The protection of privacy on the Internet is vital. Protection from identity theft, protection of deeply private information – this is important to us as citizens and as consumers. And it is fundamental for allowing the Internet and the information economy to thrive.
And thrive they have. Internet usage has increased nine hundred thousand percent since the Telecom Act of 1996, and to meet that demand, the broadband industry has invested $1.4 trillion dollars.
This growth occurred under the Federal Communication Commission’s (FCC) light regulatory treatment of the Internet as an information service, and under the careful eye of the Federal Trade Commission (FTC), which, with limited exceptions, was responsible for protecting consumer privacy on the Internet.
The FTC has brought over 500 cases protecting the privacy and security of consumer information, including cases where companies were alleged to have deceptively tracked consumers online, or to have shared private consumer data with unauthorized third parties. The FTC has been the leader in protecting consumer privacy.
But with the FCC’s 2015 Open Internet Order, all of that changed. Broadband Internet Access Service, or BIAS, was reclassified as a telecommunications service, which in turn meant the FTC lost its jurisdiction over the privacy policies of BIAS providers.
So now, after having forced the FTC off the field for broadband providers, the FCC has proposed a novel regulatory scheme for the newly reclassified providers.
But the FCC’s rules would apply only to certain parts of the Internet, and that is a source of significant concern. Both the Obama Administration and the FTC have endorsed a consistent privacy regime across the digital landscape. Indeed, the FTC staff filed comments with the Commission stating:
“[T]he FCC’s proposed rules, if implemented, would impose a number of specific requirements on the provision of BIAS services that would not generally apply to other services that collect and use significant amounts of consumer data. This outcome is not optimal.”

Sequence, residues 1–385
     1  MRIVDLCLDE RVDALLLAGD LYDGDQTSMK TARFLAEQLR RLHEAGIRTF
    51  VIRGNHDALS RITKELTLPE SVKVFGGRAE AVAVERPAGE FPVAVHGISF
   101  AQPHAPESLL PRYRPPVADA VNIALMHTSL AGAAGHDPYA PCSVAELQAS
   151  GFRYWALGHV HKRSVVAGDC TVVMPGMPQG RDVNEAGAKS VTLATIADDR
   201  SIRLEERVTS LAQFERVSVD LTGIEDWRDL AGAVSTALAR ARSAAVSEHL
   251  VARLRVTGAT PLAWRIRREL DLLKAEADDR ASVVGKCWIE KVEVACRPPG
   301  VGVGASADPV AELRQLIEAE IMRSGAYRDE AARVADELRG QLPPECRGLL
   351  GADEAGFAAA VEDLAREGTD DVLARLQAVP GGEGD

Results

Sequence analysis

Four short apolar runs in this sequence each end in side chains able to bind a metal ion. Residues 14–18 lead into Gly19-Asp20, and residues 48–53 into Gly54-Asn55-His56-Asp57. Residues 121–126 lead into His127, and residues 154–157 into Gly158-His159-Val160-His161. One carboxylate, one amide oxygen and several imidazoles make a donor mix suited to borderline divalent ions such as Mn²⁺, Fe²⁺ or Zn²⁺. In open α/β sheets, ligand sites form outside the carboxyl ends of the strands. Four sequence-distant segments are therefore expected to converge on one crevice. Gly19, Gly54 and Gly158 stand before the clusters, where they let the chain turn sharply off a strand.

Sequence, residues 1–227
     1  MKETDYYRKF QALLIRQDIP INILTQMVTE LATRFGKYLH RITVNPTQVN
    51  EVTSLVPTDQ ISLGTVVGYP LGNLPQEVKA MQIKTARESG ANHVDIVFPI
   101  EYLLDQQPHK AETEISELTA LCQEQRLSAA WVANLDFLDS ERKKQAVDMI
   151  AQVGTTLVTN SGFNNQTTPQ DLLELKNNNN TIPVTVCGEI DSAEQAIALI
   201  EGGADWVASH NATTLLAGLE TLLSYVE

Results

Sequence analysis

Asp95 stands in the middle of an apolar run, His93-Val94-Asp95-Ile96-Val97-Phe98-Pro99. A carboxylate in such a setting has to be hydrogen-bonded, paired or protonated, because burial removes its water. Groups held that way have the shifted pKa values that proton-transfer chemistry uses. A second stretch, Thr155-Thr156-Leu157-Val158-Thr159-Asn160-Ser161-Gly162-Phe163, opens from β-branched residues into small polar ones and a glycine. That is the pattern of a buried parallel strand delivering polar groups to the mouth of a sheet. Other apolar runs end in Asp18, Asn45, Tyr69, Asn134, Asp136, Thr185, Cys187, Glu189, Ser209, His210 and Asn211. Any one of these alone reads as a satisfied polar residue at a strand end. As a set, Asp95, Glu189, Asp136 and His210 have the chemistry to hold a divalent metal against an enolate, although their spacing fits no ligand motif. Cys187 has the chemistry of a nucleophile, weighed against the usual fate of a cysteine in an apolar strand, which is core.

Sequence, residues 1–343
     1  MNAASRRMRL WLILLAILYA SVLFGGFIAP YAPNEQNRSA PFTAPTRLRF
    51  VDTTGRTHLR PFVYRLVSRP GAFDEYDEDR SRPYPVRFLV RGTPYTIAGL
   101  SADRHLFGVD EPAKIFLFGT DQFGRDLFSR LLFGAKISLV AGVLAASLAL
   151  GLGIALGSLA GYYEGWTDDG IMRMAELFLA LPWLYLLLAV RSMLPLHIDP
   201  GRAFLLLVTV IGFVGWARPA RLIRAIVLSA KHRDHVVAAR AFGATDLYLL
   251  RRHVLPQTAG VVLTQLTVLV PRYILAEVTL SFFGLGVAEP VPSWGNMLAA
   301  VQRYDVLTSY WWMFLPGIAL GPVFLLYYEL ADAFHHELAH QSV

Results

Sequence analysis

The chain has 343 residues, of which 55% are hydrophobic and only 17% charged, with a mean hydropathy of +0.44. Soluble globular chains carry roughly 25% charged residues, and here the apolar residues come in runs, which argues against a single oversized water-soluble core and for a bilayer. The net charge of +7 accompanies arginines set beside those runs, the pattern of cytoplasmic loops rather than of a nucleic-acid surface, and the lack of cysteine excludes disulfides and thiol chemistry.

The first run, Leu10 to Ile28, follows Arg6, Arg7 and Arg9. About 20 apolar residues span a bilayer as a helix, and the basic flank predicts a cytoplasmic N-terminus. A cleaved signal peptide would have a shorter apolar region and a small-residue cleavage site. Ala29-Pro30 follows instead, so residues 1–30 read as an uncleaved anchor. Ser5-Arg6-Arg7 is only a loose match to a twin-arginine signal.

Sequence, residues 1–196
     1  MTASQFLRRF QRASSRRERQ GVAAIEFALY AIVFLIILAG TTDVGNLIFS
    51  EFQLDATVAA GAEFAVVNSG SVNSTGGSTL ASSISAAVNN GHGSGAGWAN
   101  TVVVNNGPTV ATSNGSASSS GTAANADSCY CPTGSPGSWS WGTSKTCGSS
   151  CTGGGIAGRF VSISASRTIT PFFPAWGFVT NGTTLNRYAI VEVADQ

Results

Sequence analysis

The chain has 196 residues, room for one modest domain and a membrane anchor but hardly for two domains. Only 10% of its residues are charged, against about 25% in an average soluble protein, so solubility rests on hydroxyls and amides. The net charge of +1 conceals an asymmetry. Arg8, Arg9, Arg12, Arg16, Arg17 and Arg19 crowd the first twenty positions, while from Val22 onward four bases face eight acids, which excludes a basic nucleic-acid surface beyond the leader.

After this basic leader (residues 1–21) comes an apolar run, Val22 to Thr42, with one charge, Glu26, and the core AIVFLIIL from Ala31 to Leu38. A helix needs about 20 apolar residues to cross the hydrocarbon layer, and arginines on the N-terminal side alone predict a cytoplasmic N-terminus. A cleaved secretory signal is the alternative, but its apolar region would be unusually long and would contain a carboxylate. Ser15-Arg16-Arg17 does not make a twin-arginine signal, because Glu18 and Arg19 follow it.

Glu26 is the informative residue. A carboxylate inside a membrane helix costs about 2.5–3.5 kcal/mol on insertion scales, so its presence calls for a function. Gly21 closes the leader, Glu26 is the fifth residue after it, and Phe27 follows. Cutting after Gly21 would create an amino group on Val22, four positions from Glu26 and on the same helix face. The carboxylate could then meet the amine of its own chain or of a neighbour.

For those of you not familiar with bureaucrat-speak, let me tell you, “this outcome is not optimal” is pretty strong stuff for one agency to say about another.
I share the FTC’s concern, and by an overwhelming majority, so do the American People. Progressive Policy Institute polling shows that 94 percent of Internet users believe that “All companies collecting data online should follow the same consumer privacy rules so that consumers can be assured that their personal data is protected regardless of the company that collects or uses it.” I am concerned that, at any particular time, consumers will not have reasonable certainty of what the rules are, and how their privacy decisions apply. At home on wi-fi? At home on a smart phone? Using your smart phone on a friend’s wi-fi? Using the Internet at a library?—each of these could have very different privacy implications for a consumer because of the FCC’s proposed piecemeal approach to privacy.
There are other problems for consumers as well.
Will the Commission’s proposed rules make it more or less likely that BIAS providers will be able to provide better and more innovative services that could benefit consumers? And of particular importance to our rural communities, how are small BIAS providers going to be able to comply with the Commission’s proposed regulations? Most of the rural carriers in South Dakota have between 2,000 and 5,000 broadband subscribers. How are they supposed to pay for the additional staff, software licenses, training, and other expenses that would be required to comply with the Commission’s proposed rules?
The FCC’s push for a separate regulatory scheme for BIAS providers is based in significant part on their claim that “ISPs are the most important and extensive conduits of consumer information and thus have access to very sensitive and very personal information.” I am not so sure about that. It appears that many companies that are not broadband providers have access to information about consumers that is more personal and more sensitive than much of what ISPs can access, yet those entities are not covered by the Commission’s proposal.
Is the FCC, which is a novice when it comes to regulating Internet privacy, the right agency to protect us from identity theft and to protect our private information? Do we want to have inconsistent privacy protections for consumers, with distinctions based upon how the Commission choses to classify services under the Communications Act, an Act that never envisioned the FCC dealing with online privacy or cybersecurity? Would consumers and competition be better off with the FCC’s proposal?